SEVERE ACUTE MALNUTRITION
Severe acute malnutrition is characterized by major weight loss. According to UNICEF, nearly 20 million children under the age of five years suffer from severe acute malnutrition. This form of malnutrition is the stage at which the risk of death for children under the age of five years is the highest. It requires medical emergency and rapid management. Acute malnutrition can take multiple forms including marasmus (severe emaciation) and kwashiorkor (edematous malnutrition). This type of malnutrition is diagnosed in children with a weight to height ratio of less than -3 Z-scores.
MODERATE ACUTE MALNUTRITION
Moderate acute malnutrition is defined by a more moderate weight loss compared to severe acute malnutrition. More than 30 million children suffer from moderate acute malnutrition. Due to their susceptibility to disease, these children are at a higher risk of death and can rapidly deteriorate to severe acute malnutrition, at which stage their risk of death is further enhanced. The weight to height ratio of a child diagnosed with moderate acute malnutrition is of between -3 and -2 Z-scores.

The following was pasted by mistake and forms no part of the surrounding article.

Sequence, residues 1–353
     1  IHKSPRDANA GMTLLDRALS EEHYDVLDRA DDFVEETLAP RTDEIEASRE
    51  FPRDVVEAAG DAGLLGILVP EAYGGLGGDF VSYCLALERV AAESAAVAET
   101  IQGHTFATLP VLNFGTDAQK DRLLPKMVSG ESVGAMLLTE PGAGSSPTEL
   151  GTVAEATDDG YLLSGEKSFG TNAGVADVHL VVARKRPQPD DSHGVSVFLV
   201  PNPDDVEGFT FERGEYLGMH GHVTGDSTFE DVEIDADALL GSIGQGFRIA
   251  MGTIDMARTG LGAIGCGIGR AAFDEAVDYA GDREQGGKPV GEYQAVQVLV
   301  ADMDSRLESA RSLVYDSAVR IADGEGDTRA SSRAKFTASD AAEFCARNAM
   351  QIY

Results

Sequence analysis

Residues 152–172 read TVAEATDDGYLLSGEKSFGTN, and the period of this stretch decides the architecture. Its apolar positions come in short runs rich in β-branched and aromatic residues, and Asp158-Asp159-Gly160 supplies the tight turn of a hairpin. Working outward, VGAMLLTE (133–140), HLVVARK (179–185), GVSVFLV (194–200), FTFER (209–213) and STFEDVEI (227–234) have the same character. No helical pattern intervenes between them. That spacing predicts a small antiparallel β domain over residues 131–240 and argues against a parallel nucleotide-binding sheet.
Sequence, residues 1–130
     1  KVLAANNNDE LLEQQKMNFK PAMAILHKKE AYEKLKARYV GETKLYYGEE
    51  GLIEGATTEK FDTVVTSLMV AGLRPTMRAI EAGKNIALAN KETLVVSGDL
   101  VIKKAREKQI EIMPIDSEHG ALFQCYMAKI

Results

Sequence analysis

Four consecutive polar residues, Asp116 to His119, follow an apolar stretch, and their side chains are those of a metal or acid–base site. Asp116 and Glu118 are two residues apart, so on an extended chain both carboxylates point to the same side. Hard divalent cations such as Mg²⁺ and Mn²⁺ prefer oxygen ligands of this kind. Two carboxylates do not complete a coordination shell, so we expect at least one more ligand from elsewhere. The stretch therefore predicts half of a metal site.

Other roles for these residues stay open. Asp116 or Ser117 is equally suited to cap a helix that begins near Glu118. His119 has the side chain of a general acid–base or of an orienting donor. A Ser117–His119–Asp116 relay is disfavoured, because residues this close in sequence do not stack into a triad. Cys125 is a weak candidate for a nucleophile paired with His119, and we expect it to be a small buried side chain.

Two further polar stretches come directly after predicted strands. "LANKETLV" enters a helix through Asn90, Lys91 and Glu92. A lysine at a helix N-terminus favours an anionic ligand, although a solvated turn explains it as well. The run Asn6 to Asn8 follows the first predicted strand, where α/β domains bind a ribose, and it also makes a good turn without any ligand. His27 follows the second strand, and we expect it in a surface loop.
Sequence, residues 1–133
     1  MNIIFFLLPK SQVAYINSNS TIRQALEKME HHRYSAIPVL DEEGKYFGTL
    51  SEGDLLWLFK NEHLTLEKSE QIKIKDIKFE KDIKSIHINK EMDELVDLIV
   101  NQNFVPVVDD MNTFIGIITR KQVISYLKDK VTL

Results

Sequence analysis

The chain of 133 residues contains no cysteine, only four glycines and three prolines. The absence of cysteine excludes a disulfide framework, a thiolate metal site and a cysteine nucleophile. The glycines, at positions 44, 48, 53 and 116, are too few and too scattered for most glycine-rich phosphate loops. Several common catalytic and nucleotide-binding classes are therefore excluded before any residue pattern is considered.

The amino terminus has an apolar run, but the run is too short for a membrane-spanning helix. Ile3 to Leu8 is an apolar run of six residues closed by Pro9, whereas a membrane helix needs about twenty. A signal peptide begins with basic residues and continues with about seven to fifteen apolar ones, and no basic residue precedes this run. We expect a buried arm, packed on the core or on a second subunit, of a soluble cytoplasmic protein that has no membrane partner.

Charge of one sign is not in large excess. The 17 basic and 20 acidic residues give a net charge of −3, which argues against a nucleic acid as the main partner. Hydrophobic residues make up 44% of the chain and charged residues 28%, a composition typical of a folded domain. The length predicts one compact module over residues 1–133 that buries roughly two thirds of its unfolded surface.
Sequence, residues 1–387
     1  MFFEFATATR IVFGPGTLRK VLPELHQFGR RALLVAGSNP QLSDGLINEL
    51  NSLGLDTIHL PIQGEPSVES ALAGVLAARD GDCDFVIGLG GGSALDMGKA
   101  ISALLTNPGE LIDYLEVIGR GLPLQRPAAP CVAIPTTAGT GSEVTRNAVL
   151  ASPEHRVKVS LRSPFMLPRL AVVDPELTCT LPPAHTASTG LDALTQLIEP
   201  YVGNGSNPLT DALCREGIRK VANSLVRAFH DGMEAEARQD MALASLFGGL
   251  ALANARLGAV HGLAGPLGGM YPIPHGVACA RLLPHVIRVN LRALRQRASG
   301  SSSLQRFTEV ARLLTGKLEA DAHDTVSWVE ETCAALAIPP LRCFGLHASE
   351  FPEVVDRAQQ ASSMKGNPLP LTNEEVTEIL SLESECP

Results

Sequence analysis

165 million children suffer from this form of malnutrition worldwide. Chronic malnutrition develops slowly when the child's diet is not balanced. A child suffering from chronic malnutrition for an extended period may display stunted growth. As his/her immune defenses are impaired, he/she is at greater risk of diseases such as malaria, diarrhea, etc. A child identified as suffering from chronic malnutrition possesses a height to age ratio of less than -2 Z-scores.